Despite its urban environment, or perhaps because of it, Chicago has played a very influential role in the advancement of country music. Our homegrown predecessor to the Grand Ole Opry, the legendary WLS National Barn Dance, was one of the first American country radio programs to hit the airwaves in 1924 with a broadcast that could be heard above the fruited plain and across the United States. Fast forward to modern day, and country music's various streams, from roots rock to alt-country, all lead back to the big lake on the third coast. Join Robbie Fulks and Friends, featuring Jon Langford, Gerald Dowd, Beau Sample, Brian Wilkie, John Rice, and many more, as they celebrate country in the big city.

Soundtrack of the City is made possible through a grant from the Department of Cultural Affairs and Special Events' IncentOvate Program. More information, including essays about the significance of each genre of music to Chicago, can be found at www.soundtrackchicago.org/.

About Old Town School of Folk Music:

Chicago's Old Town School of Folk Music is the largest community school of the arts in the U.S. and a non-profit organization committed to celebrating American music and global cultures. The school teaches and celebrates music and cultural expressions rooted in the traditions of diverse American and global communities. Founded in 1957, the Old Town School of Folk Music provides a wide range of music, dance, theater, and visual arts courses to people of all ages, abilities, and backgrounds. Whatever one's interest, the Old Town School provides broad access to more than 700 accredited class offerings, private lessons, and over 400 concerts per year.

The Old Town School opened its Lincoln Square facility in 1998 and expanded in 2012. The Old Town School owns and operates three facilities situated in Lincoln Square and Lincoln Park that include 425-seat and two 150-seat concert halls, 64 classrooms, two music stores, cafe and a resource center. Children's classes are also held at several suburban satellite locations. More information is available at www.oldtownschool.org.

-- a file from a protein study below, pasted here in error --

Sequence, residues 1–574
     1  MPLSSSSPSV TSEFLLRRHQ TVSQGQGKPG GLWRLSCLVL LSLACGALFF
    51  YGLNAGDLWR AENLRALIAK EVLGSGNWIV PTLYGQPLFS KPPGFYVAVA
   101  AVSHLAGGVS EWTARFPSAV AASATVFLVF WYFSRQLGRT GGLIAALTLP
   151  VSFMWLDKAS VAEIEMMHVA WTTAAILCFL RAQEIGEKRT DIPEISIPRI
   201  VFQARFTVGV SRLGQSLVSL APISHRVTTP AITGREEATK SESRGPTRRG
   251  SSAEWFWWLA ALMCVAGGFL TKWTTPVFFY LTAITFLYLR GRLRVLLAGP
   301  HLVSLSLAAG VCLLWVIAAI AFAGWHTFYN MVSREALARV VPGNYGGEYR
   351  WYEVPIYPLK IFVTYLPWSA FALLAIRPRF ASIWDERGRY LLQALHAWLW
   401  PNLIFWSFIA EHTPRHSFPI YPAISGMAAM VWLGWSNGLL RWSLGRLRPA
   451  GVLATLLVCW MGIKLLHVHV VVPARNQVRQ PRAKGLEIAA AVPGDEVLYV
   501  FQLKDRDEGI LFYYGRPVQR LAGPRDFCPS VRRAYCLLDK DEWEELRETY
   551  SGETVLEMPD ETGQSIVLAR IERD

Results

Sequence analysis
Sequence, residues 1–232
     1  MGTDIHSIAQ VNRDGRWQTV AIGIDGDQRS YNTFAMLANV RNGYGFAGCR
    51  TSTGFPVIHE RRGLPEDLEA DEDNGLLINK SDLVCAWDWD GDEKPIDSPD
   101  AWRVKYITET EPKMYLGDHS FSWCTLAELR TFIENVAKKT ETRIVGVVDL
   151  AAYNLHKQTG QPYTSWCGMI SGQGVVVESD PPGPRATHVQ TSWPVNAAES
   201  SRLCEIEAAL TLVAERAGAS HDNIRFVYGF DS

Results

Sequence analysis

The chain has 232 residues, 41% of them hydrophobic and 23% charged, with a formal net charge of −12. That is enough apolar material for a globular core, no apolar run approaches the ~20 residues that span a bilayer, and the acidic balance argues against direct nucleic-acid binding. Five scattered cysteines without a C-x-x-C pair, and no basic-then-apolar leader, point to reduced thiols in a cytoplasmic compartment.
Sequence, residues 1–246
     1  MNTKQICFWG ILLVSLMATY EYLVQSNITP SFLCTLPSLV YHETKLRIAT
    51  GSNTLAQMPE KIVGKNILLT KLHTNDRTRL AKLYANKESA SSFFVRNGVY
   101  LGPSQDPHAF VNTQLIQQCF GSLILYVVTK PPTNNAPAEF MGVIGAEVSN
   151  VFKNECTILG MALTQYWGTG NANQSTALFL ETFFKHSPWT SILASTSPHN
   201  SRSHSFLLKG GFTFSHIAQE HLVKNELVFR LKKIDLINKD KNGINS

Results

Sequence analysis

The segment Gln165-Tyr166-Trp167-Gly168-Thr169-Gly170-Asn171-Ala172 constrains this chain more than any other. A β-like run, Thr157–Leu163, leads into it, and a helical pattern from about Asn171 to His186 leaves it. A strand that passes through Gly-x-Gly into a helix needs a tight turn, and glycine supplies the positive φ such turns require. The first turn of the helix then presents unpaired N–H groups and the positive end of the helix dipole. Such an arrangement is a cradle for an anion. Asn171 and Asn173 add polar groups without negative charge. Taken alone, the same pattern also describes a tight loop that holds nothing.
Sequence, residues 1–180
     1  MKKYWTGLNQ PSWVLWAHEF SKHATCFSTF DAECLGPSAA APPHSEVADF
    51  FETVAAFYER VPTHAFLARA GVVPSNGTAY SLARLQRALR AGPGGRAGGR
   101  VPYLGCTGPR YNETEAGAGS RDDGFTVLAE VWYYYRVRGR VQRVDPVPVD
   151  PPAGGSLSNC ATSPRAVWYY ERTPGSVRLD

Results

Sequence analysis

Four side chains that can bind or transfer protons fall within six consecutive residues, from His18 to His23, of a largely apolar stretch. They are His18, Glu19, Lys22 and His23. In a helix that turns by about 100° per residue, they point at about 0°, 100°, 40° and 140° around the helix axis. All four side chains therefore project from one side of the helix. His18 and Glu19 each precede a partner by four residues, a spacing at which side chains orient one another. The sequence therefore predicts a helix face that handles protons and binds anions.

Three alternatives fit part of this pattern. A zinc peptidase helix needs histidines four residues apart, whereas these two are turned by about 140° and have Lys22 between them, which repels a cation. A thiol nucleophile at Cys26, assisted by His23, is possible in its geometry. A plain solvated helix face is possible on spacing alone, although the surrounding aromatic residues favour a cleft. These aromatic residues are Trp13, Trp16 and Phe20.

About Chicago Department of Cultural Affairs and Special Events
The Department of Cultural Affairs and Special Events (DCASE) is dedicated to enriching Chicago's artistic vitality and cultural vibrancy. This includes fostering the development of Chicago's non-profit arts sector, independent working artists and for-profit arts businesses; providing a framework to guide the City's future cultural and economic growth, via the 2012 Chicago Cultural Plan; marketing the City's cultural assets to a worldwide audience; and presenting high-quality, free and affordable cultural programs for residents and visitors. For more information, visit cityofchicago.org/dcase.

About The IncentOvate Program

Now in its third year, The IncentOvate Program is part of the DCASE Cultural Grants Program, which provides more than $1.7 million annually in direct funding to artists, creative professionals and arts and cultural organizations across Chicago - including the CityArts Program, which supports small to mid-sized nonprofits, and the Individual Artists Program, which assists professional artists in creating new work that elevates their careers and brings value to the City of Chicago. IncentOvate stimulates cultural innovation and supports the city's larger cultural institutions.